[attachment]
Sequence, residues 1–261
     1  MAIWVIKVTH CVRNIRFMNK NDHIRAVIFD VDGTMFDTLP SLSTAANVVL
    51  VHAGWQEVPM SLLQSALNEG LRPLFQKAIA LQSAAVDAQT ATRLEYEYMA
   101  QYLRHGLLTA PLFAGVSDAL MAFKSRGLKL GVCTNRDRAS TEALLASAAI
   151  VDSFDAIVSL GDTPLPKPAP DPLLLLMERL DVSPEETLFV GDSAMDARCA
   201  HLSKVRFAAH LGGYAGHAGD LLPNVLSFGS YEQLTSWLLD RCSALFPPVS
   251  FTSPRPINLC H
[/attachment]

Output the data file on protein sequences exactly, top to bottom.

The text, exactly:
Sequence, residues 1–261
     1  MAIWVIKVTH CVRNIRFMNK NDHIRAVIFD VDGTMFDTLP SLSTAANVVL
    51  VHAGWQEVPM SLLQSALNEG LRPLFQKAIA LQSAAVDAQT ATRLEYEYMA
   101  QYLRHGLLTA PLFAGVSDAL MAFKSRGLKL GVCTNRDRAS TEALLASAAI
   151  VDSFDAIVSL GDTPLPKPAP DPLLLLMERL DVSPEETLFV GDSAMDARCA
   201  HLSKVRFAAH LGGYAGHAGD LLPNVLSFGS YEQLTSWLLD RCSALFPPVS
   251  FTSPRPINLC H